An industrial ecology approach to on-site waste management planning at The Forks Market
Wallace, Andrew D.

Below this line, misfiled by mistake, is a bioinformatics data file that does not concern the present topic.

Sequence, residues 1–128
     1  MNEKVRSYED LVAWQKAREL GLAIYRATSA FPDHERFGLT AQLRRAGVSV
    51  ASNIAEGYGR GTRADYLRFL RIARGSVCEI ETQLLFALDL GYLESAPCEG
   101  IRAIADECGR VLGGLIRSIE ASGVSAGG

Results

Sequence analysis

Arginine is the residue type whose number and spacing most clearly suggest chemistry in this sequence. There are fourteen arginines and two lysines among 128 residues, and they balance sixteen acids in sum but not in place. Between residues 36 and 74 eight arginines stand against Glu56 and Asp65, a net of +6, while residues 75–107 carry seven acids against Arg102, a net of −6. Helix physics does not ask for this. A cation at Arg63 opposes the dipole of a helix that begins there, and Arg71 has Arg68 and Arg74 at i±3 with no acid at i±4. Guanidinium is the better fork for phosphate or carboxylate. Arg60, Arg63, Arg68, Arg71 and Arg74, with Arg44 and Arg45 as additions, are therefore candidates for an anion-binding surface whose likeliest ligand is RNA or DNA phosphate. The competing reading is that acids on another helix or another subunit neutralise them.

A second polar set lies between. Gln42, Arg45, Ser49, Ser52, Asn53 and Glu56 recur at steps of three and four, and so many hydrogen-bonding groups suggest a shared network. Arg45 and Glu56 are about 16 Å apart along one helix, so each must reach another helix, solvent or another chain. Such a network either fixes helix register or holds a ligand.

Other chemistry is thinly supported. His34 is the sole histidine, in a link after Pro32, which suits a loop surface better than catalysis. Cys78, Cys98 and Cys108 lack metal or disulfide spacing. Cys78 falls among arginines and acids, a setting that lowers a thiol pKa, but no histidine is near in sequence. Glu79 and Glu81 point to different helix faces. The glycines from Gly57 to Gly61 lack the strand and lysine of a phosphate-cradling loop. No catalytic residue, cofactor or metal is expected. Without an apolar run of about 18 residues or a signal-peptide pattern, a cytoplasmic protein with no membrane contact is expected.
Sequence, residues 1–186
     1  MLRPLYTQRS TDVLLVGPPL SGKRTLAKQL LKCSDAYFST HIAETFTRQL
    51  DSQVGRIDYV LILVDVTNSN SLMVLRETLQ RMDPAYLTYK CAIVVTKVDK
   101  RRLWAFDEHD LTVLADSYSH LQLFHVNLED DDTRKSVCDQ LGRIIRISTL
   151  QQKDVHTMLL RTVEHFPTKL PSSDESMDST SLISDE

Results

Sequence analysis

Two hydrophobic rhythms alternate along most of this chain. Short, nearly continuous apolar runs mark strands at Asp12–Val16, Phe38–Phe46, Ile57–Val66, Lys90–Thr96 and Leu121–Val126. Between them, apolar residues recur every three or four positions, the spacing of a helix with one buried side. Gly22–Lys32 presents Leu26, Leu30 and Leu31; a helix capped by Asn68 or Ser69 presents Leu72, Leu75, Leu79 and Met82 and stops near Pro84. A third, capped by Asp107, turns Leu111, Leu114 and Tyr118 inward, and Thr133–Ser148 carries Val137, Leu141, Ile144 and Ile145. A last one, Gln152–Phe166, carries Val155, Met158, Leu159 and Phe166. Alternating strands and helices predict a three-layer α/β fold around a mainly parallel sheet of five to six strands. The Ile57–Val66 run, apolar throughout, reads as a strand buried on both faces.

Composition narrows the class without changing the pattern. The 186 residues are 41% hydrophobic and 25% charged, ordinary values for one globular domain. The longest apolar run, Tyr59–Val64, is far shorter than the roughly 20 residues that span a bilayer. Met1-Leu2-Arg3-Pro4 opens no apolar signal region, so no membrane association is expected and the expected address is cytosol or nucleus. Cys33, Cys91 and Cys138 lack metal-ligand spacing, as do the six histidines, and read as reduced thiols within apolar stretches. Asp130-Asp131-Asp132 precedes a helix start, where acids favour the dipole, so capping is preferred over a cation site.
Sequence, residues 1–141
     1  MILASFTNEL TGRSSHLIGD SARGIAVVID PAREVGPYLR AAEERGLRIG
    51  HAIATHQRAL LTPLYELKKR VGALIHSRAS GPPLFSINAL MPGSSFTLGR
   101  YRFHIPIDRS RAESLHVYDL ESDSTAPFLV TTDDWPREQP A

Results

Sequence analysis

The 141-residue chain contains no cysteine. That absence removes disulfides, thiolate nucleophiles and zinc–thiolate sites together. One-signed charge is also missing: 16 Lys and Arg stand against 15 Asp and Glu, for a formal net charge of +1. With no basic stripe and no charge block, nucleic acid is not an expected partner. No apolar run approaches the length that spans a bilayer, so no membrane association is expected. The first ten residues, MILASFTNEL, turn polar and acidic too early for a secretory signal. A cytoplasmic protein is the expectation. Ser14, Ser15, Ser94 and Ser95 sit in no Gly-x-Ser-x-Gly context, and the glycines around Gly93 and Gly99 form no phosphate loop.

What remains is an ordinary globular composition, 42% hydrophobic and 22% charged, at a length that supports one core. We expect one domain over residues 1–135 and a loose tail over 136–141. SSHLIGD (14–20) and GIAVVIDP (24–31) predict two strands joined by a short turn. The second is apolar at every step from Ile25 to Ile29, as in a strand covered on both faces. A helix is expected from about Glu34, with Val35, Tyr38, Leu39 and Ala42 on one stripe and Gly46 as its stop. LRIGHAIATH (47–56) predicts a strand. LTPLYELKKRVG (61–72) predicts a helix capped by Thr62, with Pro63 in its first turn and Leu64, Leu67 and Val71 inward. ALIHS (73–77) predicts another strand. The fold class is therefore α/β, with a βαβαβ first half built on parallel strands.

What can be done with 500 tonnes of organic waste generated annually at The Forks Market? Waste management is an integral part of any development. Organic waste is a product at The Forks that is currently discarded. This material can and should be reused on-site. New technologies and methods must be incorporated into future planning and development at The Forks and the principles of industrial ecology fully incorporated. This study has two objectives. The first is to identify alternative composting technologies that could be used for organic waste management at The Forks as an integral part of a Market garden project, as put forward in The Forks North Portage Partnership's Business Plan (October 1996). The second is to present an organic waste management plan and implementation strategy suitable for incorporation into current waste management systems at The Forks. Results of this study identify that seventy percent of the waste stream is compostable. In 1995/96, disposal of this materials in city owned landfill sites cost the Partnership in excess of $50,000 in collection and disposal fees. Study results also indicate that an in-vessel composting system best fit needs at The Forks. Finally, the results suggest that comprehensive source separation programs are key to the success of on-site composting. It is recommended that the Partnership take the following actions: (i) adopt a source separation program and appoint a coordinator to monitor and maintain it; (ii) introduce an in-vessel composting system and purchase the fully enclosed flow-through equipment required; (iii) incorporate the concepts of industrial ecology and ecological design into the Planning and Development Guidelines; (iv) set aside sufficient funds for capital costs and further research to build upon the available base of knowledge and track operational costs; (v) capitalize on current economic, environmental and educational incentives.